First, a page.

You're missing his point. The vast majority of people don't need traditional PC applications because all they do is browse the web, play games, and consume content. Yes Android and iOS have ceilings, but those are high enough where no one other than gamers and those who do work on a PC really need them. That's a lot smaller market than the everyone that needed them 5-10 years ago. Even the student market is shrinking because Chromebooks are a lot better for education and less expensive.

    On top of all that, Microsoft is going in the opposite direction by trying to make Windows one size fits all. In trying to compete with the iPad, they are alienating what is left of their core market (those who work on a PC) by trying to force an unproductive touch UI on everyone with no option to turn it off.


    The current sales figure has not shown "vast majority of people" that use tablets are more than desktop users yet. Total shipment for tablets in 2013 is still less than the total shipments for PC in 2013. It is still too early to say there are definitely more people prefering tablets than using a PC.

    As for mobile phones, PC sales figure has never been able to match the level of mobile phone sales figure. There are simply more phone users than PC users. This has not changed so I do not take mobile phone sales into consideration. Currently we are seeing a transition for phone users to switch from feature phones to smart phones and therefore the unit shipment for smartphone has surpassed PC shipment.

    Chromebook should be classified as PC due to its form factor. Makers of Chromebook are mostly from traditional PC vendors.
  • 0 Hide
    InvalidError , January 21, 2014 9:21 PM
    Quote:
    Chromebook should be classified as PC due to its form factor. Makers of Chromebook are mostly from traditional PC vendors.

    Except Chromebooks do not run traditional Wintel applications which makes them as useful (or useless depending on which side of that fence you are standing) as Android-based devices for everyday computing. Most Chromebooks also use the same SoCs phones and tablets use with more or less exactly the same support hardware around them; just a bigger screen, battery and a keyboard attached. So if you consider Chromebooks as PCs, you pretty much have to also accept tablets and smartphones as PC equivalents, albeit with smaller screens and optional external keyboard instead of built-in. Most tablets and smartphones are built by PC OEMs too.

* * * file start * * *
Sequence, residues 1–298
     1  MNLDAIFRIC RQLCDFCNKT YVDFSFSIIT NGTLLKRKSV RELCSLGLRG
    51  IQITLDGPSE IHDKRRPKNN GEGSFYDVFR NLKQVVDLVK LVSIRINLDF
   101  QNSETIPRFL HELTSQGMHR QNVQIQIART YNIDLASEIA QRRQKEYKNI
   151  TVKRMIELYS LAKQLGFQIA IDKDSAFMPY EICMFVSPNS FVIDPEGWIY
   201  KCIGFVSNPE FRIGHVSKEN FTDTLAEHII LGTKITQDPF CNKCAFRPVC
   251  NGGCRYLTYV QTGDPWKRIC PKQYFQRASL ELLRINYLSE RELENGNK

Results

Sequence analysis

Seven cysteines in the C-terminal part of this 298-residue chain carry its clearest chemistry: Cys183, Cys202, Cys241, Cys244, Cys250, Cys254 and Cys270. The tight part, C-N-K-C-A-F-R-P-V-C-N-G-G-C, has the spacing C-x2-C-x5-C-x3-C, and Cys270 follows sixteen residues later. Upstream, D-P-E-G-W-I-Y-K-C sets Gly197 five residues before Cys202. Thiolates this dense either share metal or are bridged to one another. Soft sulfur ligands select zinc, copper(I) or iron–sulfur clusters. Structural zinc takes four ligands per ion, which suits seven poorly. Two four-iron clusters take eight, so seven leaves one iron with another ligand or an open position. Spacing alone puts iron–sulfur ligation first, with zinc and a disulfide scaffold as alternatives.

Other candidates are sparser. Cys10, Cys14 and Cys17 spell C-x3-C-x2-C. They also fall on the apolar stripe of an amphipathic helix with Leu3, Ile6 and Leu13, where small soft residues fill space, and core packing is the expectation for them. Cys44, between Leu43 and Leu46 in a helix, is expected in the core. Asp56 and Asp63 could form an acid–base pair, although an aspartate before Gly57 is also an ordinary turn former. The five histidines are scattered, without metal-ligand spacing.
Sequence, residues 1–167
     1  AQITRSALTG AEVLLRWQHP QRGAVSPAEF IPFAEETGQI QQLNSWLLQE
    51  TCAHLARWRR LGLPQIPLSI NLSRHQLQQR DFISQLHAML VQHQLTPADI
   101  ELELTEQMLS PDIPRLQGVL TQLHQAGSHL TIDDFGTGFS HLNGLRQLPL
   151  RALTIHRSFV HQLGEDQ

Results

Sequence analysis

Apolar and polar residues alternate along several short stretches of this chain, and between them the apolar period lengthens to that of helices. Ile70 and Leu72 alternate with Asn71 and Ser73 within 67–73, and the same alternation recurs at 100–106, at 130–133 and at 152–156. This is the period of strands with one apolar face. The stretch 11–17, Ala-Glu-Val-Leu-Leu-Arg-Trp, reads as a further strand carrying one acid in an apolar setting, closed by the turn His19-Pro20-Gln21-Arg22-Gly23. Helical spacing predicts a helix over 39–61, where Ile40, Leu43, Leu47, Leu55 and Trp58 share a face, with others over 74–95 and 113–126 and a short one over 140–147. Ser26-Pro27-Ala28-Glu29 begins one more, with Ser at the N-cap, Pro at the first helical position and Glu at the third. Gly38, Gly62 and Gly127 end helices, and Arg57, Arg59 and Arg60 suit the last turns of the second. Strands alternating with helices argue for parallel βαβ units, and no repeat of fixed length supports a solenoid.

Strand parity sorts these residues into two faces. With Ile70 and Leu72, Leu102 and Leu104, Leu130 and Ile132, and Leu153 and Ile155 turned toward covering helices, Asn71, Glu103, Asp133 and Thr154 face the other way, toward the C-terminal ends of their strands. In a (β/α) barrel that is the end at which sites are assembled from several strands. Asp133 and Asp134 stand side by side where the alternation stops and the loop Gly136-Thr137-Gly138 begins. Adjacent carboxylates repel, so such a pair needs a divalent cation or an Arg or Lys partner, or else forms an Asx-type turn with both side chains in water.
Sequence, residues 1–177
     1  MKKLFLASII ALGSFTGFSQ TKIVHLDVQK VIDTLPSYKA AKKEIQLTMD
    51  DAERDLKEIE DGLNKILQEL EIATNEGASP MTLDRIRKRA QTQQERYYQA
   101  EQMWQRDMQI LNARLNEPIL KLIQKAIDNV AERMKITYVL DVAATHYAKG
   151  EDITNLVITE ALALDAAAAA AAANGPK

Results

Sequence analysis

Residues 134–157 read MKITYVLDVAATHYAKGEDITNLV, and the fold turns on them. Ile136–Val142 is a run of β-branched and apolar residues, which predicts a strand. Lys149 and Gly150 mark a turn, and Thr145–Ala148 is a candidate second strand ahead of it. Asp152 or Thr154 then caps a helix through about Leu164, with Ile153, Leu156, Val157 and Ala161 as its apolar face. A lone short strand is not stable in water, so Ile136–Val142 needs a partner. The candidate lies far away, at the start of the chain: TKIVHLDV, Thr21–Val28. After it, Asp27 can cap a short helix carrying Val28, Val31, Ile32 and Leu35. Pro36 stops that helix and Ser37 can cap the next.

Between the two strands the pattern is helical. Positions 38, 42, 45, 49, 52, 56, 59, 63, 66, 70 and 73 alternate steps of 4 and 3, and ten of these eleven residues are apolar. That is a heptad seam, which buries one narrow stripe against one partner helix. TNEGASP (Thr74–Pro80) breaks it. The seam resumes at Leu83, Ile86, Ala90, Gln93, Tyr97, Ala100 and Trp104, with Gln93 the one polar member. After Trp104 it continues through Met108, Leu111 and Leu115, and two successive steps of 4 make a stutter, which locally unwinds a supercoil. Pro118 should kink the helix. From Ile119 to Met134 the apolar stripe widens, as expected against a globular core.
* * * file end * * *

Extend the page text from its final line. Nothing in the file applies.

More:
The PC is not a form factor; it is merely the idea of being able to carry computing out on a personal / private scale. The traditional PC has a few traditional form factors attached to it along with a mostly Wintel history.

    As for total shipments, IDC numbers say 49 million tablets were sold during Q1-2013 and that it was a 140+% year-on-year growth. That puts tablets well ahead of the ~90 million PC sales for the whole year even if all three other quarters were only half as strong. With explosive growth like that while (traditional) PC sales are regressing, people's enthusiasm for mobile computing is pretty difficult to ignore.
  • 0 Hide
    cypeq , January 22, 2014 5:00 AM
    They have to understand that PC market after few years of boom is saturated, and right now because of mobile devices it's actually shrinking. Buisiness fuckers think if they are not growing they are failing, this is just broken concept in it's core.
  • 0 Hide
    Calculatron , January 22, 2014 8:33 AM
    So pre-built PC shipments are down; what about PC components?
  • 0 Hide
    Gurg , January 22, 2014 1:17 PM
    Quote:
    how much of a future is left for the traditional PC/laptop in normal people's everyday life is concerned.
    Personally I think there is a great future ahead for my higher performance desktop. I spend a lot of time at my desk reading news, conducting business and playing challenging games that are too demanding for most all but real expensive laptops. Don't confuse lack of demand for new desktops or even laptops with lack of usage of existing PCs. And not all of the market growth in purchases of mobility devices like tablets is deeper penetration, but rather replacement of cheap throwaway products that die because of mobility usage and are not worth the cost of repair. As an example, my wife is on her third Kindle tablet because the others died, not necessarily for feature enhancements. There is a significant market for upgrades to PCs for: cost rationalized better than 1080p and 27"+ displays and the graphic cards, CPUs. GPUs and programming to run them. And there is significant middle ground between 1080P and 4k to go half way. Also for game improvements to utilize these improvements.
  • 0 Hide
    youssef 2010 , January 22, 2014 1:33 PM
    I've bought my 3770K in 2012. Since I assembled the system, I've added another 8Gigs of Ram, a 3TB HDD, and the R9 290X. If everything continues to function, It might be another two years before I consider an upgrade